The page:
The past is a loving procession of quirkiness from the pilot, before the series ironed things out. The bridge is restored to its 80s wood-paneled appearance. Data babbles on at length about idioms. Everyone is back in the low-necked, slowly ascending spandex -- save Troi, once again dressed as a galactic cheerleader. And back to bid farewell to the show are Denise Crosby as Tasha Yar and Colm Meaney as O'Brien (in original red).
The past time frame actually goes back before anything we saw on the show the first time around. We get to see Picard actually take command of the Enterprise (under orders from Norah Satie, in a great continuity reference for the fans). He hasn't yet programmed the replicator to make his signature "tea, Earl Grey, hot." And the fact that he begins to act so strangely leads to new scenes with resonant emotion. Tasha has to stand up to his borderline insanity and demand an explanation; she doesn't get one, though she does get an inspiring speech from Patrick Stewart instead.
As for the future, it plays like a love letter to the fans. Geordi has married Leah Brahms and become a novelist. Picard is tending the family vineyard (in a sequence filmed at an actual California winery). Data has become an eccentric professor in the very Cambridge position held by his holographic poker opponents Isaac Newton and Stephen Hawking, and has developed eccentricities including dyed hair and an insane number of cats. Beverly Crusher has pursued her love of command (begun in "Descent" and tracked in "Thine Own Self") and now has a ship of her own. The Enterprise has been upgraded with a mighty cannon and a third warp nacelle.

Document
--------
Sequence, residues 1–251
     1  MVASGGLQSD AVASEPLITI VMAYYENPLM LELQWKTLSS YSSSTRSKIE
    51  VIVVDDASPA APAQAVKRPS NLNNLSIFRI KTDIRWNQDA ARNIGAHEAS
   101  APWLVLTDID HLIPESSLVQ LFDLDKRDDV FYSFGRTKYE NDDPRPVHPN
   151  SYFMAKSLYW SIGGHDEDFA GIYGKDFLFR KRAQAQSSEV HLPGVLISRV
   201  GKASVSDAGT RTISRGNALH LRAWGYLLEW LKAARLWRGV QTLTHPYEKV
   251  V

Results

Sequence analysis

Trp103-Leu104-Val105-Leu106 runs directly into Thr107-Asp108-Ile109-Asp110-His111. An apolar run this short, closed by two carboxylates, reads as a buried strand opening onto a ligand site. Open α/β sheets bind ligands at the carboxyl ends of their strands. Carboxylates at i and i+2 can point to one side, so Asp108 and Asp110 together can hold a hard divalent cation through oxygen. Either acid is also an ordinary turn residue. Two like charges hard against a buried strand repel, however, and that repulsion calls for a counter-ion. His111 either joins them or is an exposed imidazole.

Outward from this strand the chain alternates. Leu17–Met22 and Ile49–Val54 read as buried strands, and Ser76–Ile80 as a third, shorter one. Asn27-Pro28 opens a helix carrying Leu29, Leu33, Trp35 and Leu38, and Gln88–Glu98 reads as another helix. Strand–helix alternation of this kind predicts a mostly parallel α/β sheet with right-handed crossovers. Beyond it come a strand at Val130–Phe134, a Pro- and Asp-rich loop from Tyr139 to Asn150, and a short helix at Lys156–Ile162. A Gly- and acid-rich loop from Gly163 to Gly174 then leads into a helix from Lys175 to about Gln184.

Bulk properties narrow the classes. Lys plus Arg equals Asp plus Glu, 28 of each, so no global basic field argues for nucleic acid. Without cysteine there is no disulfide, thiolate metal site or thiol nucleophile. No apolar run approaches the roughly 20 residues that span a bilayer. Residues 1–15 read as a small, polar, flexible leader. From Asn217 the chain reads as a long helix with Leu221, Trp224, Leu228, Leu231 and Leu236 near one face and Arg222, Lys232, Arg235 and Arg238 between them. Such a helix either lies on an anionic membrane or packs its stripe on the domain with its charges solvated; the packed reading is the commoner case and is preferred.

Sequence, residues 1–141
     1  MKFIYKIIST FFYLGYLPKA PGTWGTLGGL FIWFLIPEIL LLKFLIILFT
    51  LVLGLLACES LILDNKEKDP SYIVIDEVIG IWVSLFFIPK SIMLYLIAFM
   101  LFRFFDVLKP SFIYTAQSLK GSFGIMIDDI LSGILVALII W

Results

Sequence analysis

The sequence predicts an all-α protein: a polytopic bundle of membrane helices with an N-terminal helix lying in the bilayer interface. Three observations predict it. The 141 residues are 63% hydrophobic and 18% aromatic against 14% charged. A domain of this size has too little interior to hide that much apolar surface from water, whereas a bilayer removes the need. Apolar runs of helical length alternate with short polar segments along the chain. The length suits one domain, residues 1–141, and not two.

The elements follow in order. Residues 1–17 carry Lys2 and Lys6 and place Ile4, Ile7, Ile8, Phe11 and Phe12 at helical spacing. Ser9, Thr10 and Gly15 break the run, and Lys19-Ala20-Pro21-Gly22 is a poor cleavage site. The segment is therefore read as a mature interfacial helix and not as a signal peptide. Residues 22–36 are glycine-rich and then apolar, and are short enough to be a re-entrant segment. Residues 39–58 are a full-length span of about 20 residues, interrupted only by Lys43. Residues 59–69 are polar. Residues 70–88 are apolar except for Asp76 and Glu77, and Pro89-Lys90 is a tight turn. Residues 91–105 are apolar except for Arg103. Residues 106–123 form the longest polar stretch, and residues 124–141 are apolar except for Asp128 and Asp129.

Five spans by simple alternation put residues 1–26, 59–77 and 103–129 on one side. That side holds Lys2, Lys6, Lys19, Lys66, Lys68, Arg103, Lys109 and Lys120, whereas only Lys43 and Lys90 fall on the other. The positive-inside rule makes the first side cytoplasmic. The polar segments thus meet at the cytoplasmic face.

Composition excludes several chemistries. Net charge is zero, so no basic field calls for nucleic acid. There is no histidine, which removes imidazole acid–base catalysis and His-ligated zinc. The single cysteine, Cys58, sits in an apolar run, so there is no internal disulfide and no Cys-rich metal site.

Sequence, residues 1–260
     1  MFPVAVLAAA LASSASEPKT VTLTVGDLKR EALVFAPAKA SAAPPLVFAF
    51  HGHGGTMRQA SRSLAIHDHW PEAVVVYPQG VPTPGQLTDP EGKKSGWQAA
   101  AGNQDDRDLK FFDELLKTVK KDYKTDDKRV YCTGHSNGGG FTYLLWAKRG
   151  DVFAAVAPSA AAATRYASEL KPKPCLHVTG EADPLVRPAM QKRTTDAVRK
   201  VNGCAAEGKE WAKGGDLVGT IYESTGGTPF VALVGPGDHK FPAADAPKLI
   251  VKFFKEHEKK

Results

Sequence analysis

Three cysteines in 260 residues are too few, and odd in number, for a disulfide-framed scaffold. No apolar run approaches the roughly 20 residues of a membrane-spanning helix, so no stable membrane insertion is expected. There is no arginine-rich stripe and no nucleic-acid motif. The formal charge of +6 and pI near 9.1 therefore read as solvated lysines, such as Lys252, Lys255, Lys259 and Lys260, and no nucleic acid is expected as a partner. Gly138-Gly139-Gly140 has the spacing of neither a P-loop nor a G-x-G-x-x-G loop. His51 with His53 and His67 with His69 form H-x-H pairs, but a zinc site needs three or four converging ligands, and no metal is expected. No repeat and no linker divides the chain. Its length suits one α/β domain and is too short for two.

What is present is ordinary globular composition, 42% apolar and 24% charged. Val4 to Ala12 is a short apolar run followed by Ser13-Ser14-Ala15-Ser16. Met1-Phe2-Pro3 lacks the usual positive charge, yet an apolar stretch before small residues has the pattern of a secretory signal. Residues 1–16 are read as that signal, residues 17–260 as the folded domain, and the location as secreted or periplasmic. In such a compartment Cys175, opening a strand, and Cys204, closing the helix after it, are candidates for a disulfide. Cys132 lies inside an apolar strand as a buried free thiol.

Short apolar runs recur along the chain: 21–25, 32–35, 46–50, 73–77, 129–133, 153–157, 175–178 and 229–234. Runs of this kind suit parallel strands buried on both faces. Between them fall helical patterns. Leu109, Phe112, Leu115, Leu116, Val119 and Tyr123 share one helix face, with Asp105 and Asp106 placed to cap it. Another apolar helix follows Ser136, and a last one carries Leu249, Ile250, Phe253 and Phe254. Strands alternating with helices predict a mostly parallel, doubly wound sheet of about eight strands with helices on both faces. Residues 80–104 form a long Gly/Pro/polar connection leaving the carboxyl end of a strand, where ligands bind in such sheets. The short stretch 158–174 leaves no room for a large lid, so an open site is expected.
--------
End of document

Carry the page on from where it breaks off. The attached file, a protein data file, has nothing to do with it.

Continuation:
But the future is dark in many ways too. The Klingons have defeated the Romulan Empire and gone rogue. Riker and Worf are nursing a two decade long grudge over the death of Deanna Troi, meaningfully explored in a Ten Forward scene. Beverly and Jean-Luc gave marriage a go and wound up divorced. According to Ronald Moore, they were only allowed to be this wild with the future because the end of the episode was going to explicitly disavow everything as only a possible future, leaving the path clear for the movies. (Sure enough, neither Troi/Worf nor Beverly/Jean-Luc are an item in Generations or the movies to follow.)
These future scenes hold extra poignancy today, as they're set "close to 25 years" in the future -- which is almost exactly where we find ourselves now, in 2016, after the original 1994 air date. We get to see how these actors all really aged, compared to their old age makeup. We know they all remained friends after the show was ever (at least, far closer friends than the average television cast remains after a series concludes). We too can look back on the old glory days, right along with the characters.
There are really only a couple of small flaws in the episode. One is that the "anti-time" gimmick is so clever, it seems to have fooled the writers themselves in a few places. With the anomaly growing backward in time from the moment of its creation, the Pasteur should have been able to see it when the ship first arrived at the Devron system, not six hours after the moment of its creation. Also, though Data says that all three tachyon beams that caused the anomaly (past, present, and future) appear to have originated from the Enterprise, one in fact came from the Pasteur. This latter error was actually caught when the episode aired by someone close to the show -- Rick Berman's ten year old son. "Kind of humbling," Ronald Moore confessed.